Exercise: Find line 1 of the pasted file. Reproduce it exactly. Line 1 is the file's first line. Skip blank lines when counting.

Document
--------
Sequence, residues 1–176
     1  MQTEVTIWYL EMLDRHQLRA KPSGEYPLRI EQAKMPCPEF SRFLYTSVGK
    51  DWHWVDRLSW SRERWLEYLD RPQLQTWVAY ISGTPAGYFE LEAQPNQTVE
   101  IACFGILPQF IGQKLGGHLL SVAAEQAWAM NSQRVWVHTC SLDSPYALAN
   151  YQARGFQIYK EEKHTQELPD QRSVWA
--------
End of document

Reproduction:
Sequence, residues 1–176